A Review of “Fighting for Your Marriage” By: Markman, Stanley, and Blumberg

A Review of “Fighting for Your Marriage” By: Markman, Stanley, and Blumberg

Although first published in 1994, Fighting for Your Marriage by Howard J. Markman, Scott M. Stanley, and Susan L. Blumberg is just as relevant today as when the book was first released. Back in May, there were eight members of our research team who were graduating. To celebrate graduation, each of these graduating team members received a copy of the deluxe and revised third edition of the Fighting for You Marriage from Dr. Sibley. The 2010 edition of Fighting for You Marriage also includes an instructional DVD by the authors. Since the focus of this blog is on commitment in couple relationships, and how relationships develop, we felt that it was important to highlight a classic and important book on the subject.

Fighting for Your Marriage is dedicated to sharing information about how to improve and invest in your marriage, and navigate potential pitfalls that could lead to distance, conflict, and divorce. This book is based on the PREP (Prevention and Relationship Enhancement Program) approach, which is founded on over 30 years of research with thousands of couples. As Markman et al. (2010) suggest based on their research, those who use the techniques explained in this book are more proactive when it comes to dealing with conflict and finding solutions to marital disagreements. In addition, this approach also promotes relationship stability and has contributed to reducing the odds of marital dissolution. Both the practical approach, and research-based techniques in this book are used to encourage happy and committed relationships.

I believe the content Markman et al. (2010) cover in their book setup readers up for success in their relationships. The book is laid out in a way so that you can either read it straight through, or jump around depending on what chapters are more applicable to your relationship. This book is broken up into four parts. The first is about understanding the risks associated with a lasting love. This part explains keys for a great relationship, as well as destructive signs and patterns. I really like that this section takes a preventative approach and asks the reader to look critically at their relationship. Part two explains how to handle conflict in your relationship. I really appreciate that the authors do not pretend like conflict does not happen in a relationship. Instead, readers are encouraged to use the speaker listener technique to talk about conflictual or fragile topics.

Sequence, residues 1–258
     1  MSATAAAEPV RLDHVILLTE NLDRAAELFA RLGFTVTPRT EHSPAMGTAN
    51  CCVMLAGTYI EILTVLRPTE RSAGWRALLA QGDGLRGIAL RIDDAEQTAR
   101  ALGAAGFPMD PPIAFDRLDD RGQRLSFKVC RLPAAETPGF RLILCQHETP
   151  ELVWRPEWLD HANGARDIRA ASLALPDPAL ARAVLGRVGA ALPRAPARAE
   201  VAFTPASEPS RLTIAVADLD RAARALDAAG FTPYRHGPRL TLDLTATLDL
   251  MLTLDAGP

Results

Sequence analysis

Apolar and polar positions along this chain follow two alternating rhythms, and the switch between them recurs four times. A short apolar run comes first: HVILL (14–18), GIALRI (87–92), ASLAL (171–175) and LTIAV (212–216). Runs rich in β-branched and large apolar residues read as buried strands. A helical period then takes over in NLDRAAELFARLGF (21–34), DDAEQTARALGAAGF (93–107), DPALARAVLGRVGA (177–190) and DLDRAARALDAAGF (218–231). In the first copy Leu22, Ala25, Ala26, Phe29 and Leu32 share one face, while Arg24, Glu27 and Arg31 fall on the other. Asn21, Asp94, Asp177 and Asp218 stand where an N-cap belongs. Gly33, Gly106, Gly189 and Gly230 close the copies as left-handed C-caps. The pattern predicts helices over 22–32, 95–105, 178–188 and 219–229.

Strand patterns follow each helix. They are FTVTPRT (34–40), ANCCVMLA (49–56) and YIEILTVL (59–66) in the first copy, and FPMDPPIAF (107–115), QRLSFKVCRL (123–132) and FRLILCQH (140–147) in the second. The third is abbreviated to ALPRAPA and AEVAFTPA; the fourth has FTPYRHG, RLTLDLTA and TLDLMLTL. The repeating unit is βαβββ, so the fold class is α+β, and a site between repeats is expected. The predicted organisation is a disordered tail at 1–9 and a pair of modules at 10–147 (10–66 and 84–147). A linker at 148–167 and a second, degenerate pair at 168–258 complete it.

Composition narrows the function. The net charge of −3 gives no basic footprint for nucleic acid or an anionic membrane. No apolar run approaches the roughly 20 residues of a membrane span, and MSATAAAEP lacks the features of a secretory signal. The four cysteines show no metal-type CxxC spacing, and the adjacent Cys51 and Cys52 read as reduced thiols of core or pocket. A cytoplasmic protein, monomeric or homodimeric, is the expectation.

Part three is about enjoying your partner. Fighting for Your Marriage reminds readers to be a friend to their partner. As Dr. Sibley found in his own research, friendship is part of construction of commitment leading to marriage. Being a friend in your relationship is about being supportive and making the time to listen. I like that the authors give couples exercises to practice with each other. I especially like the exercise where each partner writes down the type of support they want from their partner. It is important that you know what you need out of a relationship, otherwise it can be very difficult for your partner to know what you need. The last part of this book is probably the most important because it explains how to move forward. It emphasizes forgiveness and sticking to the path of commitment.

Personally, one of my favorite parts of this book is when the authors discussed the importance of new perspectives and problem solving. Based off my own personal experience, I can confirm that the best way to keep conflict under control is to consider your partners point of view. I very much agree that perspective taking is crucial for a healthy and committed relationship. Fighting for Your marriage encourages you to first look at how you can improve yourself, as opposed to always blaming your partner for why things are not working. Markman et al. (2010) capture beautifully some of the most advice for making marriage work near the end of their book:

“As our journey together comes to a close and yours moves forward, keep in mind our keys to a great relationship: decide don’t slide, do your part, make it safe to connect, open the doors to positive connections, and nurture your commitment. Focus on being a team and protect and enhance the positives: fun, support, and friendship. Remember, keep investing no matter what. Finally if you decide to fight—fight for your marriage” (p. 408).

When I first started reading, I thought this book was specifically meant for married couples who were having difficulties in their relationship. I quickly learned this was not the case at all. Whether you are single, in a relationship, or married there is plenty of helpful information for you in this book. Fighting for Your Marriage has forced me to take a good look at my own relationship and work on improving it. As a marriage and family therapist in training, I would certainly recommend the book for clients in therapy, or to give to couples as a gift at their wedding. Overall, Fighting for Your Marriage was incredibly helpful, and I would recommend it to anyone who is looking to better their relationship or wants to prepare for a healthy and committed relationship in the future.


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